Analysis: 3 Big Losers of the 2014 Election

U.S. President Barack Obama gestures during a a news conference in the East Room of the White House in Washington, November 5, 2014. The president addressed reporters one day after after Republicans seized control of the U.S. Senate and captured their biggest majority in the House of Representatives in more than 60 years. |

Overall, Democrats performed poorly in Tuesday's midterm elections but some of the biggest losers were not on the ballot.

Barack Obama

As President Barack Obama himself puts it, he was not on the ballot, but his policies were. With exit polls showing voters are frustrated with Republicans and Democrats alike, the election was most clearly a referendum on the Obama presidency.

According to CNN exit polls, 55 percent of the electorate disapproved of how Obama is handling his job, and of those 83 percent voted Republican and only 15 percent voted Democrat (using the House vote as a proxy for the national vote). Dissatisfaction with Republican leaders was even higher, at 59 percent, but one-third, 33 percent, of the voters who said they were angry or dissatisfied with Republican leaders voted Republican.

Republican Strategists and Donors Vis-à-vis Virginia

Two years in a row, Republican strategists and donors decided to stay out of a statewide Virginia race, assuming the Republican candidate did not have a chance of winning, only to find out on election day that Virginia is still a swing state.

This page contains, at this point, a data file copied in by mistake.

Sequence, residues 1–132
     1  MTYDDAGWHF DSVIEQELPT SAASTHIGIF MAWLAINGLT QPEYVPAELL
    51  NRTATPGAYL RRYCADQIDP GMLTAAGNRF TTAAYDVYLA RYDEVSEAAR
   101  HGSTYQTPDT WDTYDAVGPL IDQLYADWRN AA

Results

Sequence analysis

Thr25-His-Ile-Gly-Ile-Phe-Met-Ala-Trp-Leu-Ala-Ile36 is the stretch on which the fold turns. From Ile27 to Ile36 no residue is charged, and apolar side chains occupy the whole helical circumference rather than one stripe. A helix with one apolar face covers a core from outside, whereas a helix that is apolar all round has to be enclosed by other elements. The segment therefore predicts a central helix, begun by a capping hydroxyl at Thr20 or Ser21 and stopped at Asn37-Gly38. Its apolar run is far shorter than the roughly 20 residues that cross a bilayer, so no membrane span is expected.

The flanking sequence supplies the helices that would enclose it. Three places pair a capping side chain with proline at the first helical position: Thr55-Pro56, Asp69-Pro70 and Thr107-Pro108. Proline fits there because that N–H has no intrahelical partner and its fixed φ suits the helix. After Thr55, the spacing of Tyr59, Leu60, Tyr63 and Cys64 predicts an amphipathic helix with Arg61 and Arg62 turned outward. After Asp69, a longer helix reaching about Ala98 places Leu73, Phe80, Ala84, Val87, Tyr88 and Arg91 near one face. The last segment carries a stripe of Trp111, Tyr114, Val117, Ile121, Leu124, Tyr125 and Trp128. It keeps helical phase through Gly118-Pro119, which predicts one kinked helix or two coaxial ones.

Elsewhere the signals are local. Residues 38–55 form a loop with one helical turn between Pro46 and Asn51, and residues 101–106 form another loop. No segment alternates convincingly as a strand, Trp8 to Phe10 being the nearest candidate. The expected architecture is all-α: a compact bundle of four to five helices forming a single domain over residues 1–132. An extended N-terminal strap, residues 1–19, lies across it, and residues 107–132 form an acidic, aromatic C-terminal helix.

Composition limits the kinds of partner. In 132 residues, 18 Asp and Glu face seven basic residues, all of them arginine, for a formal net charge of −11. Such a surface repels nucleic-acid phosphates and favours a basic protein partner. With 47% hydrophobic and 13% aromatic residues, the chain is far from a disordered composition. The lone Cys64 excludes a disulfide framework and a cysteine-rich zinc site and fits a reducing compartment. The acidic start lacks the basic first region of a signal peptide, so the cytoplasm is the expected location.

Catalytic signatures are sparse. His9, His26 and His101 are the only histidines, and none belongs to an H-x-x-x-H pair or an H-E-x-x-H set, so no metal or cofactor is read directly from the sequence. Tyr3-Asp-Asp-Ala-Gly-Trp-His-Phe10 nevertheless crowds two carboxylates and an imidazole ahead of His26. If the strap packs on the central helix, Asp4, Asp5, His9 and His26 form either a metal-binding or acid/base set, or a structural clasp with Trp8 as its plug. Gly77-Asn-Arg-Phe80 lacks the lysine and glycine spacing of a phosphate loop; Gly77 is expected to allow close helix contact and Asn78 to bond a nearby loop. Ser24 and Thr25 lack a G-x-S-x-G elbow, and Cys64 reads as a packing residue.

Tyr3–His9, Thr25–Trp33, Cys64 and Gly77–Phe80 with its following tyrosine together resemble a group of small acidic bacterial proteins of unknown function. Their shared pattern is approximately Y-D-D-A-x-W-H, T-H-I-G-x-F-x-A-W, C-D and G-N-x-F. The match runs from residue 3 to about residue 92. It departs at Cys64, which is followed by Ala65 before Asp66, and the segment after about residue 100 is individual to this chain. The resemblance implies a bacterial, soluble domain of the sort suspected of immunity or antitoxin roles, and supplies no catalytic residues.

In 2013, the GOP bigwigs did not devote many resources to helping Ken Cuccinelli win the governor's race. The final RealClearPolitics average of polls before the election showed Democrat Terri McAuliffe ahead by six percentage points. When the results came in, however, Cuccinelli lost by only 2.5 percentage points, suggesting that he could have won with a little help from his friends.

And on Tuesday, in one of the biggest shockers of the night, Ed Gillespie is close to winning a Virginia U.S. Senate seat. At the time of this publication, the race has not been called. Incumbent Mark Warner is leading by only 13,000 votes and there could be a recount. Gillespie may end up losing, but he was vastly outspent by Warner. The race may have been an easy pickup for Republicans if strategists and donors had recognized Gillespie's potential early on.

Texas Democratic gubernatorial candidate Wendy Davis
Democratic state Senator Wendy Davis (L) speaks at a protest before special session of the Legislature in Austin, Texas, July 1, 2013. |

"War on Women"

A strategy that worked well for Democrats in 2012 was a dud in 2014. Democrats who ran heavily on the notion that Republicans are "waging a war on women" were soundly rejected by voters.

In the Colorado U.S. Senate race, incumbent Democrat Mark Udall was dubbed "Mark Uterus" by a female Denver Post reporter for running a single-issue campaign with the "war on women" theme. A reporter also mentioned the "Mark Uterus" nickname in one of the debates. And, the Denver Post endorsed his Republican challenger, Corey Gardner. In the endorsement, the Post described Udall's "obnoxious one-issue campaign" as an "insult" to Colorado voters. Udall lost by nearly five percentage points.

Another prototype of the Democratic "war on women" theme was Wendy Davis' gubernatorial campaign in Texas. Much of the liberal press treated Davis like a heroic figure after she filibustered a bill in the Texas Senate to ban late-term abortions. The national attention she received helped her raise a lot of money and easily win the Democratic nomination. Her campaign in the general election never gained much traction, however. She lost by a whopping 20 percentage points.

You can also read about "3 Big Winners of the 2014 Election."

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